The Shaggy Dog
Released on March 19, 1959
Box Office: $12.3 Million
Starring: Fred MacMurray, Jean Hagen, Tommy Kirk, Annette Funicello, & Tommy Considine
Directed: Charles Barton
Plot: Wilson Daniels is a family man who lives in your typical suburban neighborhood. The one thing that separates him from your normal family man is his hatred for all dogs. When his son Wilby, happens upon a ring that transforms him into a dog, the Daniels life is turned upside down. Especially when the new neighbors turn out to be anything but what they expected.
Final Thoughts: This is Walt Disney’s first Live Action Comedy, and amazingly enough its also his first live action movie with cars. This is also the first of six movies that Fred MacMurray will make with Disney. For his first comedy film Disney chose very wisely, because this movie is such a fun watch. Tommy Kirk is back in the role that he was made for an all American boy, who just can’t seem to keep out of trouble.
I never truly realized how often Kirk would team with Kevin Corcoran in Disney movies. They were brothers in Old Yeller and I know they are brothers again in Swiss Family Robinson, but I totally forgot that they were brothers again in this one. The funny thing is that Corcoran always plays they same sort of character in every movie, this being a lovable kid with a fascination for all things in the animal world. They truly make a great brother duo, which I am looking forward to seeing more of.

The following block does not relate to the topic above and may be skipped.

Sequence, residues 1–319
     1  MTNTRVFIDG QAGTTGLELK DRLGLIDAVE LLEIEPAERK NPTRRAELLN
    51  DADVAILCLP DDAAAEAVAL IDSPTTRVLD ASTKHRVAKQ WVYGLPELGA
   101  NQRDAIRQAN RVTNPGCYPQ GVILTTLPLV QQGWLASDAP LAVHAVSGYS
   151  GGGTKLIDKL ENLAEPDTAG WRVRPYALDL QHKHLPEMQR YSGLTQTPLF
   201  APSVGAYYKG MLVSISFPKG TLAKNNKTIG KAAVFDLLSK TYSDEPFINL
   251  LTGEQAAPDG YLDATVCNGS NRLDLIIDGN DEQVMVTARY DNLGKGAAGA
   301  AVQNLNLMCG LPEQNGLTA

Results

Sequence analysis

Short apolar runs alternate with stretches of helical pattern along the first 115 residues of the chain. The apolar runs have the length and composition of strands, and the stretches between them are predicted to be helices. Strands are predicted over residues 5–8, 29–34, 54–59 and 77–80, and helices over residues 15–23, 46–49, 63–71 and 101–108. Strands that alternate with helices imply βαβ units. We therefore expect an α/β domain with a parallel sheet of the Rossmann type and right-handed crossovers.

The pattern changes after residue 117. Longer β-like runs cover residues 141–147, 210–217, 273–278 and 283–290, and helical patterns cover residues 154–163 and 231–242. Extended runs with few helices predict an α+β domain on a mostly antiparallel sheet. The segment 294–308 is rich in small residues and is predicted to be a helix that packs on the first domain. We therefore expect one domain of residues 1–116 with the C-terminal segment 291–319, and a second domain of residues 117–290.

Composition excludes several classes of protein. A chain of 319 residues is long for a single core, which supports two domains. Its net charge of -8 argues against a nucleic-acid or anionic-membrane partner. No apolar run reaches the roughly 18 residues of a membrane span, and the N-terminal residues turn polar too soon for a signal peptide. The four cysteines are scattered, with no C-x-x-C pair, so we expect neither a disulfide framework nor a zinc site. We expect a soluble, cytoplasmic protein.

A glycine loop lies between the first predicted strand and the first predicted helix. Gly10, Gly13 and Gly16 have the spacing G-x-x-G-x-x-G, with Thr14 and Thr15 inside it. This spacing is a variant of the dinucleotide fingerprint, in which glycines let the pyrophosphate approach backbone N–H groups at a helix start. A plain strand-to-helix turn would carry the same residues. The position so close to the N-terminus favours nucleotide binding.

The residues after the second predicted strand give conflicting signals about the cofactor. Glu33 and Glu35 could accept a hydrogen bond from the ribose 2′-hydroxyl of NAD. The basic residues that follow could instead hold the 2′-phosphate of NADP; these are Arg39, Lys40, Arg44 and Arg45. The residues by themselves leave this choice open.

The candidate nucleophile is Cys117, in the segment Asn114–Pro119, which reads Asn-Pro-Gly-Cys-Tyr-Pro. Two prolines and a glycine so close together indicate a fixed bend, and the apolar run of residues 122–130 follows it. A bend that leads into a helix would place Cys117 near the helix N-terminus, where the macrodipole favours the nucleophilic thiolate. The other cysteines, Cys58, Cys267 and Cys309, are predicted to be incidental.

This movie is also the start at least in the film world for Annette Funicello. If you are not familiar with Annette, she is an original member of the Mickey Mouse Club. She would also go on to have a successful career with her husband Freddie Avalon. But the role she plays her is minor she does get the last laugh in the end.
The best thing about this movie is that it flows greatly from one scene to the next, and it keeps your attention throughout. For the time this movie came out the way they portrayed Wilby transforming into a dog and how they made the dog look real and act as a human at the same time was great. Its amazing how much you either forget or miss when you are watching a movie again that you haven’t seen since you were a child. Though now the story is pretty straight forward. Wilby turns into a dog, finds out that his neighbors were not the museum curators they appear to be, leading into a funny chase scene to end the movie. When I was kid and saw this movie, I never realized that the cop that was constantly seeing and hearing Wilby as a dog was demoted because of Wilby. Seems minor but when you know this information it makes the chase scene and every scene for that matter with the cop that much more funny.
Though the movie on Disney + is in its original black & white format, this movie is believed to be the first movie that Disney colorized for presentation on television. Something, which I never truly understood, I know that some people out there refuse to watch anything that is not color, but I like the fact that it is in black & white. It makes the movie look more Leave it to Beaverish, which for the time I think is what they were going for.
Overall this movie is a great watch from beginning to end and is definitely a movie I would let my kids watch. A fact that I never realized until now is that when this movie came out it was the second highest grossing movie in 1959. It only trailed the epic Ben-Hur. Which is amazing for Disney to achieve especially when you consider that he hadn’t made a movie like this before and for the time I still think that he is more well known for his animated work than his live action. Which over time will start to equal out.
Final Score: 3 out of 5
Next Review: Darby O’Gill and the Little People (1959)